How Service Design Extends Other Disciplines

SD Meetup DC

SD Meetup DC


In early December I had the opportunity to speak to The Service Design Network’s community in D.C. about how service design is not different from other disciplines, but rather a cross-disciplinary extension. Well-known in Europe, service design has begun to take hold in the U.S. and Asia. Rightfully so, because it’s a powerful concept. Many people tend to be unsure of the differences between service design, user experience, employee experience, marketing, Six Sigma, change management — the list goes on. My talk started by clarifying this common misconception.

What is Service Design?

At its core, service design is about planning and organizing all aspects of your organization — people, infrastructure, communication, and operations — to improve the quality and interaction between you and your customers. Service design offers the ability to explore new opportunities across the broad range of how employees and customers interact with your organization. Most competitive organizations include service layers that reach across organizational divisions of labor, often exposing the fault lines between the digital and physical parts of an ecosystem. Service design requires the careful orchestration of screens, processes, hiring practices, and organizational procedures to enable employees to perform a service over time reliably and in a manner that the customer views as seamless.

My “SD Core Competencies” has evolved from a set created by Robert Bau in 2012.

For example, in-store pickup is a fairly common service. Leading up to the moment of delivery, employees and consumers use voice and screen-based systems requiring an intuitive interface with a content strategy that delivers a consistent brand personality. Store employees need to be hired, trained, and measured in a way that empowers them to make decisions in the critical moments of truth when a customer is there to pick up their purchase. In this common retail scenario, we can see how services touch many parts of a business that you have probably worked with in the past. However, there are probably parts of this scenario your work may not have touched.

Approaching complex problems with service design creates a better, more sustainable ecosystem and competitive advantage. It’s an exciting, holistic approach to problem-solving for all digital and physical components of how an organization lives, offering the flexibility to adapt to competitive shifts. Employees and customers are equally essential contributors to how services create value.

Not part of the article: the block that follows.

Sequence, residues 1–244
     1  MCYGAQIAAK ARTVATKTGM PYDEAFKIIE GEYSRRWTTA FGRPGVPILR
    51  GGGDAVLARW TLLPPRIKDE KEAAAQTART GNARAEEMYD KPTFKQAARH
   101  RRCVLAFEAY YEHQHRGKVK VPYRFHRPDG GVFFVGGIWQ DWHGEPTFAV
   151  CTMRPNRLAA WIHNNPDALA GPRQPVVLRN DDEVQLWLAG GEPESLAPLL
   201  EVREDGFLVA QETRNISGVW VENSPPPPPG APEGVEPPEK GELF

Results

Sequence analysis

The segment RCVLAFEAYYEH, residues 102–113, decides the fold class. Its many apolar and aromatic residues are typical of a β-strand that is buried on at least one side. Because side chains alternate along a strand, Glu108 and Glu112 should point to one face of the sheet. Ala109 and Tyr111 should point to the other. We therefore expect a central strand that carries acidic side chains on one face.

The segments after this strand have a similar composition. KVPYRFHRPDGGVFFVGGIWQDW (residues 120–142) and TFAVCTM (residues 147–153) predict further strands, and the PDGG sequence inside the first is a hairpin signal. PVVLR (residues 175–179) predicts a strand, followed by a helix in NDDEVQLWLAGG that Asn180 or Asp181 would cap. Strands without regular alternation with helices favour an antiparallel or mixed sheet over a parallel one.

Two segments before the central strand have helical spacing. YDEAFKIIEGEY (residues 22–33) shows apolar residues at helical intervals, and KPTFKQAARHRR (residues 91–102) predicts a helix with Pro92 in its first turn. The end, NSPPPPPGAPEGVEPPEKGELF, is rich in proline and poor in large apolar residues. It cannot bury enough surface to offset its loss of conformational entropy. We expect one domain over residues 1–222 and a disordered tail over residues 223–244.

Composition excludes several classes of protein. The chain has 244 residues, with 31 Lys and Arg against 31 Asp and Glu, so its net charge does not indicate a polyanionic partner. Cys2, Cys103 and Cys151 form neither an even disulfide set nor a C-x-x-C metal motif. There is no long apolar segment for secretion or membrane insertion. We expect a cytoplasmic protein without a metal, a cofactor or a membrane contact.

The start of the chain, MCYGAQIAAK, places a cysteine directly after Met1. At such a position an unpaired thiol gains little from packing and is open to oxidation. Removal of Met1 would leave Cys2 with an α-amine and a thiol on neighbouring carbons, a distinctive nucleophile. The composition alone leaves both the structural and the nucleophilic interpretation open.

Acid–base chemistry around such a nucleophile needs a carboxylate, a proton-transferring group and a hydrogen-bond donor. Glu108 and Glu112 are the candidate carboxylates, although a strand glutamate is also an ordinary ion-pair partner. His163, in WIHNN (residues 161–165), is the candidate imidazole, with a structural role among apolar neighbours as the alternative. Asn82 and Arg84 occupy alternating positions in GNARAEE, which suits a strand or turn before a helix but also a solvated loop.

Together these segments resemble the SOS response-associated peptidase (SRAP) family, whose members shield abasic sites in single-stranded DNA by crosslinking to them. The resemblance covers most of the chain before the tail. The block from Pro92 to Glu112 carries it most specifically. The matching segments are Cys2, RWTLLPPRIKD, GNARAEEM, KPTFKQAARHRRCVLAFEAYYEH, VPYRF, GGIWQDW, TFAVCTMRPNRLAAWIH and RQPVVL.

Start Thinking Differently

While this may seem intimidating, most people are doing more service design in their work than they realize. During my talk, I touched on some of the core flexibilities required to practice service design and ways attendees could start making the transition into service design from the skills and abilities they currently possess.

We also engaged in an exercise to put the discipline into practice, working through a real-world example involving CVS’ acquisition of Aetna. The activity prompted the group to consider how to design their processes to enable critical conversations with key decision makers. In my experience, weighing costs and competitive impact when creating a service helps overcome the cognitive biases that prevent innovations from reaching implementation. Service design addresses complexities by creating a holistic understanding of feasibility and potential competitive impact. Our exercise was designed to illustrate how service design can enable better decisions, leading to better experiences that yield better outcomes.

The room was filled with a diverse group of attendees — in age, industry, and race/ethnicity– which indicates the broad applicability of service design. My goal was to help them feel empowered to start thinking and working in different ways. The attendees were all very engaged throughout our time together, and the session even went beyond the allocated time so that we could continue the discussion.

Attendees continue to reach out to me with questions and to talk about the content of the session, and I invite you to do the same! I am always interested in helping people take the next steps towards growing the SD discipline by understanding how they can build from where they are right now. Reach out to me at or leave a comment below.

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Richard EkelmanComment